Europe's prestigious carmakers lead the world in perfecting the internal combustion engine -- but the days of the petrol motor are numbered, and the continent is changing gear.
On Wednesday next week, the European Commission will unveil its plan to reduce carbon emissions from new vehicles to zero within the next decade, to fight climate change.
The EU plans to be carbon neutral by 2050, but petrol and diesel cars remains the continent's main mode of transport and the pride of its globally admired marques.
Sources in Brussels expect the commission's plan, part of a climate climate strategy, to foresee an end to new registrations of gas guzzlers from 2035.
Europe's existing emissions limit of less than 95 grams of CO2 per kilometre was to have been reduced by 37.5 percent in 2030.
Exact figures are still under discussion, but Brussels is now expected to seek a 60 percent reduction by 2030 and a 100 percent reduction just five years later in 2035.
The economic damage the coronavirus pandemic has damaged the road vehicle market as a whole, but electric cars have been an exception, with growth accelerating.
Battery-powered cars represented eight percent of new registrations in western Europe in the first five months of this year, with 356,000 new vehicles.
- 'Go to the wall' -
This, noted analyst Matthias Schmidt, represents more than in the whole of 2019.
The impending new regulations will increase this trend, as they will not only spell doom for classic petrol and diesel motors but effectively force out hybrid and hybrid-rechargeable models.
These had once been seen as a transitional technology, a key product for an industry that boasts of employing 14.6 million workers in Europe.
The car lobby is resigned to going along with the changeover, but wants help from Europe, in particular in terms of developing a network of recharging points for battery cars.
"Under the right conditions, we are open to even higher CO2 reduction targets in 2030," said Oliver Zipse, president of the carmakers' association ACEA and chief executive of BMW.
The industry is divided about the best way forward, with some executives warning too quick a transition will drive up prices and favour Chinese competitors, which have an advance in battery technology.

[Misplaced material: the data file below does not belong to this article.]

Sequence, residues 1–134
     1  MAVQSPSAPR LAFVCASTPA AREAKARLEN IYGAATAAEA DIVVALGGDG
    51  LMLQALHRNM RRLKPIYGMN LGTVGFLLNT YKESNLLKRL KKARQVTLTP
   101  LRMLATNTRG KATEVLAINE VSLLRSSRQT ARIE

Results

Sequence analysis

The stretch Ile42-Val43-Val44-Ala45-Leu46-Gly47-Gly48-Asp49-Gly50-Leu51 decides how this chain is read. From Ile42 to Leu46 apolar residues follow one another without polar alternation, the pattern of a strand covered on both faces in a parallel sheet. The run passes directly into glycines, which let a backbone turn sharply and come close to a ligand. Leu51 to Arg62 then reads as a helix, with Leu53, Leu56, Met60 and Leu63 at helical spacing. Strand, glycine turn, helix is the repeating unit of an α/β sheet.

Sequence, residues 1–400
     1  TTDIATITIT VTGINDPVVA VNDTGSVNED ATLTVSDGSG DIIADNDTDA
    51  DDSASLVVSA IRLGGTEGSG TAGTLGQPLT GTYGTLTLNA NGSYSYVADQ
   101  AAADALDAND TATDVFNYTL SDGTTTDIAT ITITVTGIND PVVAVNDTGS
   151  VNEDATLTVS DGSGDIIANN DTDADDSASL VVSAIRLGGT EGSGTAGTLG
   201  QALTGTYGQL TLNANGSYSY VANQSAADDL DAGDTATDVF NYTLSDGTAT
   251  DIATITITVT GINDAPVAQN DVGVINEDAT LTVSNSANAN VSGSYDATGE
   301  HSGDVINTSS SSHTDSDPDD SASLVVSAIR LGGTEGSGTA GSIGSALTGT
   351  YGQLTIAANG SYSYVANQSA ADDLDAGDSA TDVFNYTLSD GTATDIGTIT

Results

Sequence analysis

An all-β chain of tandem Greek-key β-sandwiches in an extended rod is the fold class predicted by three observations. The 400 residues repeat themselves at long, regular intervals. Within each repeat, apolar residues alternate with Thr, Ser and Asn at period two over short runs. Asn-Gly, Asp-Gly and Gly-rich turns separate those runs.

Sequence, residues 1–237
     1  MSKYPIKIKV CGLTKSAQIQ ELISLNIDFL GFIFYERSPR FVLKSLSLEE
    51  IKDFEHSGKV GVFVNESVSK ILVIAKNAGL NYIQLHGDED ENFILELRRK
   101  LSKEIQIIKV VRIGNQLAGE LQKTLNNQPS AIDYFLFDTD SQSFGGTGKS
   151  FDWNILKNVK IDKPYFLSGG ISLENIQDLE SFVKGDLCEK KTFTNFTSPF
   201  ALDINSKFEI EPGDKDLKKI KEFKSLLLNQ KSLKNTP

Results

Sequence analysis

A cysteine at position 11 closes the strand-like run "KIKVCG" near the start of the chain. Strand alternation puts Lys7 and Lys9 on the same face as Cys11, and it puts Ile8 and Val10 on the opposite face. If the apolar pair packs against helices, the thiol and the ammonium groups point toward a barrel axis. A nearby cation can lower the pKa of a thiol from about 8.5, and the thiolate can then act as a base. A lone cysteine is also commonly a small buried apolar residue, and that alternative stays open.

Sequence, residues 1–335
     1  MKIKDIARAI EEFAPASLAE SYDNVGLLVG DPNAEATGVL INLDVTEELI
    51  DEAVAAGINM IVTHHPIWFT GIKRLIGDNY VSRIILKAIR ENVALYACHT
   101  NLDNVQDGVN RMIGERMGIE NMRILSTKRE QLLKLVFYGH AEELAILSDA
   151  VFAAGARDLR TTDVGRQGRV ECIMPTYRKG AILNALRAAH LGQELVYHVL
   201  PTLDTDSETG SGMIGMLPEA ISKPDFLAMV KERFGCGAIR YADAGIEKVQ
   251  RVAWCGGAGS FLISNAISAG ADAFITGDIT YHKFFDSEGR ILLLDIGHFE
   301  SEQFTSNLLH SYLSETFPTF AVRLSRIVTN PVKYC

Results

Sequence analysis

But Europe's giant, Volkswagen, which represents one sale in four on the continent, has followed US champion Tesla in backing an all-electric future.
In 2015, the firm was at the heart of a scandal over faked emissions tests on diesel motors, and is keen to restore its image with the public and regulators.
"There is a huge conflict going on at ACEA level," market analyst Schmidt explained.
"Volkswagen was forced to go early into electric vehicles because of Dieselgate, to improve their image. they have made huge investments and now they have got the products ready to meet CO2 legislation.
"They are in a perfect position to gain market share, and they will be happy to see others go to the wall."
Volkswagen already plans to stop selling vehicle with internal combustion engines between 2033 and 2035.
"In general a car remains on the road for 15 years. If we want transport to be carbon free by 2050, we need the last combustion-driven car to be sold by 2035 at the latest," said Diane Strauss, of pressure group Transport and Environment.
The NGO's latest report, published in June, gives Volkswagen and Volvo good marks for their preparations, with Renault and Hyundai a little behind them.
But BMW, Daimler (which owns the Mercedes brand), Stellantis (Peugeot, Citrion and Fiat) and Toyota are seen as lacking ambition and remaining too wed to hybrids.
MEP Pascal Canfin, chair of the environment committee in the European Parliament, said the 2035 target date is a good compromise.
He said 2030 would be too soon for industry and workers to adapt, while 2040 would be too late for Europe's climate goals.
But Canfin is holding out for a fund of "several billion" euros to help fund the transition.